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Metabolic Engineering
2020

The heterologous production of terpenes by the thermophile Parageobacillus thermoglucosidasius in a consolidated bioprocess using waste bread

Matthew Q.Styles, Edward A.Nesbitt, Timothy D.Hoffmann, Junichi Queen, Maria V.Ortenzi, David J.Leak

Department of Biology and Biochemistry, University of Bath, Claverton Down, Bath, BA2 7AY, UK.

Abstract

Parageobacillus thermoglucosidasius is a genetically tractable thermophile that grows rapidly at elevated temperatures, with a doubling time at 65°C comparable to the shortest doubling times of Escherichia coli. It is capable of using a wide variety of substrates, including carbohydrate oligomers, and has been developed for the industrial production of ethanol. In this study, P. thermoglucosidasius NCIMB11955 has been engineered to produce the sesquiterpene τ-muurolol by introduction of a heterologous mevalonate pathway constructed using genes from several thermophilic archaea together with a recently characterised thermostable τ-muurolol synthase. P. thermoglucosidasius naturally uses the methylerythritol phosphate pathway for production of the terpene precursor, isopentenyl pyrophosphate, while archaea use a version of the mevalonate pathway. By introducing the orthogonal archaeal pathway it was possible to increase the flux through to sesquiterpene biosynthesis. Construction of such a large metabolic pathway created problems with genetic vector introduction and stability, so recombinant plasmids were introduced by conjugation, and a thermostable serine integrase system was developed for integration of large pathways onto the chromosome. Finally, by making the heterologous pathway maltose-inducible we demonstrate that the new strain is capable of using waste bread directly as an autoinduction carbon source for the production of terpenes in a consolidated bioprocess.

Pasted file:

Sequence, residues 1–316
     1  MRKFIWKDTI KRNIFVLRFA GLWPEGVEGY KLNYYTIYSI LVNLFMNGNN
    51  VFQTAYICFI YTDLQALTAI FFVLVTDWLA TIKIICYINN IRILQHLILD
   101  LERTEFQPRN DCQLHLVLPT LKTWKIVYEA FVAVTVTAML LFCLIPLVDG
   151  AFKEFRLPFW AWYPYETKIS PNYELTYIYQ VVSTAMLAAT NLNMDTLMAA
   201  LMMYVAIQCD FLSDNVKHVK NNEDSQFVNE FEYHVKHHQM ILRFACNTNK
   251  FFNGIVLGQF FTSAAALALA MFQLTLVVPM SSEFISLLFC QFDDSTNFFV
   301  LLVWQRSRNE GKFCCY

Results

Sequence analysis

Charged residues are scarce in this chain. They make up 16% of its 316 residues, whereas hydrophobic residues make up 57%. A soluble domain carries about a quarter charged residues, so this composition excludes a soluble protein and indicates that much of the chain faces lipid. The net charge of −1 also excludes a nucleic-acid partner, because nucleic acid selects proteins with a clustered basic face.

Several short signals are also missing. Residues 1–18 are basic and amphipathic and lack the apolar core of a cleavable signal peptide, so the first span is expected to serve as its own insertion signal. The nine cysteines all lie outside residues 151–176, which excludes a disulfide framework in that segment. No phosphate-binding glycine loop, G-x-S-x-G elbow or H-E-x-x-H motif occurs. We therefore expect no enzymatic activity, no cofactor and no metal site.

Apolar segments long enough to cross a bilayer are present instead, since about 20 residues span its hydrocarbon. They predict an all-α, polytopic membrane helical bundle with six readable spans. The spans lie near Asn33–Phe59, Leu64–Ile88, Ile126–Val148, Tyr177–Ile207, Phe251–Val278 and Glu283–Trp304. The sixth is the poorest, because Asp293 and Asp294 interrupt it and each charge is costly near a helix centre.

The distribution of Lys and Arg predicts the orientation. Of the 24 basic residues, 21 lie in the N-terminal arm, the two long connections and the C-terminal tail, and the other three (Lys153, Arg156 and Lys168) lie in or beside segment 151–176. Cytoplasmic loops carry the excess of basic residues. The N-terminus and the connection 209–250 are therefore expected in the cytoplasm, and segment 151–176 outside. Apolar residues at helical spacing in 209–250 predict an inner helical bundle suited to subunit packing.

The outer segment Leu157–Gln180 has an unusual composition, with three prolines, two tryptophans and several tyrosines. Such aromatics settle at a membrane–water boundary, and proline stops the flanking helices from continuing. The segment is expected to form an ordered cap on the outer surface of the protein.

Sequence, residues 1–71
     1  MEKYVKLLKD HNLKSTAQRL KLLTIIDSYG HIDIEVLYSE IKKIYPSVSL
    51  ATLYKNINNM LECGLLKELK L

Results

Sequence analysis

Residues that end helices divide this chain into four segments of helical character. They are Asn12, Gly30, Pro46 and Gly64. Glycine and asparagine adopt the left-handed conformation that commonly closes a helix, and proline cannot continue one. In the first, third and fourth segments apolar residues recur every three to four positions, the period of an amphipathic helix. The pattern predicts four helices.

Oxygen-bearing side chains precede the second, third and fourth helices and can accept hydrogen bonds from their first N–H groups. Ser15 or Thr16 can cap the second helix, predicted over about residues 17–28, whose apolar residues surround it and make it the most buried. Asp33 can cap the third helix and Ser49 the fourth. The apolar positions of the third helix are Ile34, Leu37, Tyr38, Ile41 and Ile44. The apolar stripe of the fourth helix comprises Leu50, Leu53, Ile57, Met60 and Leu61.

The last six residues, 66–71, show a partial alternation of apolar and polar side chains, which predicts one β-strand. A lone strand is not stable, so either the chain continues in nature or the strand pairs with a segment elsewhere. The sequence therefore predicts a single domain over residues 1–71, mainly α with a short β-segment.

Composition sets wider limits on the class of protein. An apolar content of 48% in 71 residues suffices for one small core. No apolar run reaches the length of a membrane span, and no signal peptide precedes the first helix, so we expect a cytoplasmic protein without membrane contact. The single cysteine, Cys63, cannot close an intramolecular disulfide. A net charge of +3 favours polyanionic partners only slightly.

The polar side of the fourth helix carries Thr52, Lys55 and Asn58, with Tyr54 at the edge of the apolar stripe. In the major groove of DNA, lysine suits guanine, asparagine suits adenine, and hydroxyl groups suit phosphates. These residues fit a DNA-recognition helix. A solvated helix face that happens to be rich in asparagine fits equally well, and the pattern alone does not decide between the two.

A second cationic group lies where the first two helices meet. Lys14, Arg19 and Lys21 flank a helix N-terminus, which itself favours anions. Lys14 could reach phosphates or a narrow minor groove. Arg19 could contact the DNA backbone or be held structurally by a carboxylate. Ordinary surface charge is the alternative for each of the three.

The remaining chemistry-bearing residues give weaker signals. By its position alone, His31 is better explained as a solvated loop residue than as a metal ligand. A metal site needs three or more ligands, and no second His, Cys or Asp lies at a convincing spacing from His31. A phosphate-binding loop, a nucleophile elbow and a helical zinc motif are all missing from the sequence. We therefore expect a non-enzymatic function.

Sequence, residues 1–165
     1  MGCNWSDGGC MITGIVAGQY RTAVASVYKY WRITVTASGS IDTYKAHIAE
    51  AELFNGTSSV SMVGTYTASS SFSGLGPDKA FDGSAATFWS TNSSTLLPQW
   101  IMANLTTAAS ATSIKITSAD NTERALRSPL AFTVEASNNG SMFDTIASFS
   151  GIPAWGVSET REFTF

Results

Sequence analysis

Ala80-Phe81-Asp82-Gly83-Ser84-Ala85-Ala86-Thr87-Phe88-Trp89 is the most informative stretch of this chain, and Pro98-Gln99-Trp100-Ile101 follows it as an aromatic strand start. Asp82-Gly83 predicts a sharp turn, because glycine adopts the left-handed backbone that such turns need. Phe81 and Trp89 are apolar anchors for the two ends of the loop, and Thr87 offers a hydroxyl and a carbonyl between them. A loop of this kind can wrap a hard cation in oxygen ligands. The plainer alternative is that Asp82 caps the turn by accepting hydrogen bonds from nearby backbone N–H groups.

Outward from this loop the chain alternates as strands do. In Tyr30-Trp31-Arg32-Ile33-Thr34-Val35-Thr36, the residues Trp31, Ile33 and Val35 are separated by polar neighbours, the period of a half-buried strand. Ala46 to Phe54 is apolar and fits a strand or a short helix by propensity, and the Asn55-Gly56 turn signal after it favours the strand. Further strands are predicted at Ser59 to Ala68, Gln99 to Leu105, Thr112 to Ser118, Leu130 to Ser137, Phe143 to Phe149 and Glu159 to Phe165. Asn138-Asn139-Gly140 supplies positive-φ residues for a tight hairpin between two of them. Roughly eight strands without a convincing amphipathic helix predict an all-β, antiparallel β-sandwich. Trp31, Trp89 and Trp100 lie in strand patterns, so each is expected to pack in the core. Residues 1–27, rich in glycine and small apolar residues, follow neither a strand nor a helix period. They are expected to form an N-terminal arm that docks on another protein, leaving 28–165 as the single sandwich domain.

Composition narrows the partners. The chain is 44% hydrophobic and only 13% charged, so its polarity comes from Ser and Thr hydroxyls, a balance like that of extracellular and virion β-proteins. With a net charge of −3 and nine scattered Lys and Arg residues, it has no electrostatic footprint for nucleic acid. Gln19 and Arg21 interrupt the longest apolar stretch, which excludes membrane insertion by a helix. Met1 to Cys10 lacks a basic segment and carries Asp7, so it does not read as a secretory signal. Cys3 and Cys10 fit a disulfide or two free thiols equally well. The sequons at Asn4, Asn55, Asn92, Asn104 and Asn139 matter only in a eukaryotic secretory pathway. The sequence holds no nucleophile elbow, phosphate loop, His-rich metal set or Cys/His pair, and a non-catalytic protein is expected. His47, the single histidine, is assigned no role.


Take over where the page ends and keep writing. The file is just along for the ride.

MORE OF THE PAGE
Keywords: Consolidated bioprocess, Thermophile, Terpenes, Parageobacillus thermoglucosidasius.

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